, con flama
), Erik Ehn (Heavenly Shades of Night Are Falling
), Naomi Iizuka (Polaroid Stories
), and most importantly, writer/director Laurie Carlos, who became Miller's mentor and "theatrical mother." With the lessons she taught him, Miller made one-man shows such as The Evidence of Silence Broken
and My Child, My Child, My Alien Child
that reached new audiences, and he's continued to cultivate them with original theatre works involving multiple artists (Radio Silence: a word opera
, Hands Up Hoodies Down
, Ballot Eats the Bullet
) and plays that he's directed (Hunger
, For Colored Girls Who Have Considered Suicide When the Rainbow Is Enuf
). The thread through it all has been Miller's political voice, one of the few on the performance scene speaking out consistently over the past 30 years, and it's only grown more powerful and inspiring in the era of Black Lives Matter and Trump. He's been not only one of Austin's most prominent African-American performance artists in the 21st century, but also a vital mentor for a new generation of local African-American artists. When their work shows they understand words have power, you can tell who taught them so.
Katherine Brimberry & Mark l. Smith
Photo by John Anderson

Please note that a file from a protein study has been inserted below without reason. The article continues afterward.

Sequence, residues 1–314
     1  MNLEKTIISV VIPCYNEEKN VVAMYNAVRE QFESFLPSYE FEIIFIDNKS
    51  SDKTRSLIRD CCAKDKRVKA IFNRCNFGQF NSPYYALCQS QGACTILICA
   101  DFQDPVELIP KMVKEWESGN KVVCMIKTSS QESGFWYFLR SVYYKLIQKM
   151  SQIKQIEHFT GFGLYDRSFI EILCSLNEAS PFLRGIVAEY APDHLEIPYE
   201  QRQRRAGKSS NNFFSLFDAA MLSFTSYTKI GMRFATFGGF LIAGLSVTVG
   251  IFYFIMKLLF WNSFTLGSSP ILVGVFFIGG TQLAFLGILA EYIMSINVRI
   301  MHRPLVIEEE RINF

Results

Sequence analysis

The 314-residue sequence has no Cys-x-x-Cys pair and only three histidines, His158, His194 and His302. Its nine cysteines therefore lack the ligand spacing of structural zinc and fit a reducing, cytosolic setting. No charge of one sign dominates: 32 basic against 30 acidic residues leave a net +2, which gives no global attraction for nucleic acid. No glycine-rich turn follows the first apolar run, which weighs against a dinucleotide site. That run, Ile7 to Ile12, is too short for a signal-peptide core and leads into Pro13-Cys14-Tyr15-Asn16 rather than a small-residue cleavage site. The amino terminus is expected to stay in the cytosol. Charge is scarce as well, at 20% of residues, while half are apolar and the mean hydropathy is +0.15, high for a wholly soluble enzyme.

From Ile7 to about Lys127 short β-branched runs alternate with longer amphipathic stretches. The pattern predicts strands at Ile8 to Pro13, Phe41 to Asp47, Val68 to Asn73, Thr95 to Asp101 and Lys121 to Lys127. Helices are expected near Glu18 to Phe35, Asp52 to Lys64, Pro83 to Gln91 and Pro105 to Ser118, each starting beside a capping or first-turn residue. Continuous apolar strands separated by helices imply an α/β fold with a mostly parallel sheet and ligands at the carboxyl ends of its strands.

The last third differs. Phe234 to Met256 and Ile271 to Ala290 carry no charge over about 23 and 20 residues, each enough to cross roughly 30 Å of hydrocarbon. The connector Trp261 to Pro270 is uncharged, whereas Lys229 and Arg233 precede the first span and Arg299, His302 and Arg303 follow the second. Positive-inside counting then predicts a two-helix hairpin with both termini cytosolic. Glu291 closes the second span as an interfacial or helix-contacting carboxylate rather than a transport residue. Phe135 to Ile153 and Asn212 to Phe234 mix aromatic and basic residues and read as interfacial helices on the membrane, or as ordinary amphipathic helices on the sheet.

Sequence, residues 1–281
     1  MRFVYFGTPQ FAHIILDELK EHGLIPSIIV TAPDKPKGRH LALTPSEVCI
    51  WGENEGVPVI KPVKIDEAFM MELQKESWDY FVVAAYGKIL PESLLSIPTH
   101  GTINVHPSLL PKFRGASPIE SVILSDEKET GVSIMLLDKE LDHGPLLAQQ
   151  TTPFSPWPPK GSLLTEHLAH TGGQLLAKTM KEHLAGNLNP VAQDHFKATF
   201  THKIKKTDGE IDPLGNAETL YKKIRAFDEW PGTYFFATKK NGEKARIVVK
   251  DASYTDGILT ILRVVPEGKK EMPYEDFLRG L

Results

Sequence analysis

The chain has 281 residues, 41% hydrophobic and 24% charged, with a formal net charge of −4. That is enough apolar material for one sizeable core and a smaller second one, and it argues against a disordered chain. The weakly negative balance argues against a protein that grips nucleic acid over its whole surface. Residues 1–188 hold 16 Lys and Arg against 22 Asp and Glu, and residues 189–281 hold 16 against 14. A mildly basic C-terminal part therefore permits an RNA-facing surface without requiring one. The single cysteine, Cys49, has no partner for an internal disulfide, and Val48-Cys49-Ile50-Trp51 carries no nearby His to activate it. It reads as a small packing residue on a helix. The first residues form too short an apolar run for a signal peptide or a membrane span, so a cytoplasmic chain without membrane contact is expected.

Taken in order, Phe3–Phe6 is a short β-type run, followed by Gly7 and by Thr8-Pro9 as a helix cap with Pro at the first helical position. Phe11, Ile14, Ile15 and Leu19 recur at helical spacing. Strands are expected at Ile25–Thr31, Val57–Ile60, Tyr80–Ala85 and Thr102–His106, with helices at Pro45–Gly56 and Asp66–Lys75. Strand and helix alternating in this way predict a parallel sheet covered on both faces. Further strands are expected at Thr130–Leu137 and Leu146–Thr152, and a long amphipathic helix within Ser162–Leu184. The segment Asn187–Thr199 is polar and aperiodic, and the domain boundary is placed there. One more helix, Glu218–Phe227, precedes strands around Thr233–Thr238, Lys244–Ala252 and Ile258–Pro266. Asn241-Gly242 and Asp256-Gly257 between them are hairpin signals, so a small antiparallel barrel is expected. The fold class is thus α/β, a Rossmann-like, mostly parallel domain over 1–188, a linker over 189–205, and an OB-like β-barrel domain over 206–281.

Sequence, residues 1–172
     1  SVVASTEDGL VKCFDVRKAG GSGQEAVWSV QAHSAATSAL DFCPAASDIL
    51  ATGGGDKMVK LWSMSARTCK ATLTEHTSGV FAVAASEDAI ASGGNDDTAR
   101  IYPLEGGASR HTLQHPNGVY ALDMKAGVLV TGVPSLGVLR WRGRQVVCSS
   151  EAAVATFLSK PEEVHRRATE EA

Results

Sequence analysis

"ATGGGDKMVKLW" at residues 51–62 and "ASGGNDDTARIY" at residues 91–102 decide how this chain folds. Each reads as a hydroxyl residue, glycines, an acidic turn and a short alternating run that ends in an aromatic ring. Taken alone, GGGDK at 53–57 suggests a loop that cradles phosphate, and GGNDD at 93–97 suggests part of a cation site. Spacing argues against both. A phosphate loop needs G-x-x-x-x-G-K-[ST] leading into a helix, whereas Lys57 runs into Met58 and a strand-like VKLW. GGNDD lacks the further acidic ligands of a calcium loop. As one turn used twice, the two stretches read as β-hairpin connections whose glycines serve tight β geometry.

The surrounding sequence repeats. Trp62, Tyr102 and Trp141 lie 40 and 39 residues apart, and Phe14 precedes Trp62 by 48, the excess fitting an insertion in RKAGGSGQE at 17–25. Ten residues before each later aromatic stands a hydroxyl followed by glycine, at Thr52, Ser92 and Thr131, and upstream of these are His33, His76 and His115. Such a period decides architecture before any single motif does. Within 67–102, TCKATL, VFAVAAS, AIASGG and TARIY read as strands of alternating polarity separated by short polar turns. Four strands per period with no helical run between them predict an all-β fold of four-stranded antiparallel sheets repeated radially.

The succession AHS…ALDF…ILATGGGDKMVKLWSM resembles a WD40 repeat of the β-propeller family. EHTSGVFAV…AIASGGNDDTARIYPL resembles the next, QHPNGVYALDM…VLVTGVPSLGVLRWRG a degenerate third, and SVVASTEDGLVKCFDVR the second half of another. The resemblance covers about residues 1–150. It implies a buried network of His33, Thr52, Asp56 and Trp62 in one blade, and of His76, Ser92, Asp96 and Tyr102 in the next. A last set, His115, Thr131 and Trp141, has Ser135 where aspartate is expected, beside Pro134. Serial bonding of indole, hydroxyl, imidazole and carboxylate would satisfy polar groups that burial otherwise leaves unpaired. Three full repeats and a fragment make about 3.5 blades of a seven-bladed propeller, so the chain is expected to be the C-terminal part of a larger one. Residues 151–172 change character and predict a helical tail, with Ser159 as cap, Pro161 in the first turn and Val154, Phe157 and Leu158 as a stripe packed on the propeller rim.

When Katherine Brimberry and Mark L. Smith co-founded Flatbed Press, they didn't just create a facility for making high-quality fine art prints, they established a creative laboratory where artists from anywhere on the planet could come with impossible ideas for prints and see them put on paper. They might just as easily have named it Flatbed Research and Development Institute, because their mission in printmaking has been to attempt the unconventional, to take risks, to experiment, to be inventive and innovative. That sensibility was in the DNA of Flatbed before the idea for the press had even formed, when it was only a notion that Smith, by training an artist and art historian, had to produce an unbound boxed suite of prints combining text and image. But in asking Brimberry to be the project's master printer, Smith opened a larger conversation about creating a space where printers could work and an informed audience for prints. They shared such a strong affinity for the concept of a new printmaking space that soon Brimberry was taking out a personal loan and Smith was selling a restored 1950 Chevy, and with the money the two launched Flatbed Press in a 2,000-square-foot warehouse space on Third Street in 1989. Forced out of the area by rising rents 10 years later, the duo took over an 18,000-square-foot industrial building on East MLK and converted it into a venue with offices and gallery space not just for themselves but for other arts groups, too. Thus, what was then dubbed Flatbed World Headquarters was as much an arts community space as a new home for the printmakers. (It currently houses Gallery Shoal Creek, CAMIBAart, Photo Méthode Gallery, Austin Book Arts Center, 26 Keys Inc., and six artist studios.) The venue can be seen as one more bold Flatbed experiment, and one that's succeeded as richly as its extraordinary prints, created with artists that include Robert Rauschenberg, Terry Allen, Julie Speed, Keith Carter, Melissa Miller, Luis Jiménez, and Michael Ray Charles. What Smith and Brimberry started, and Brimberry still oversees, has resulted in 25 years' worth of treasures.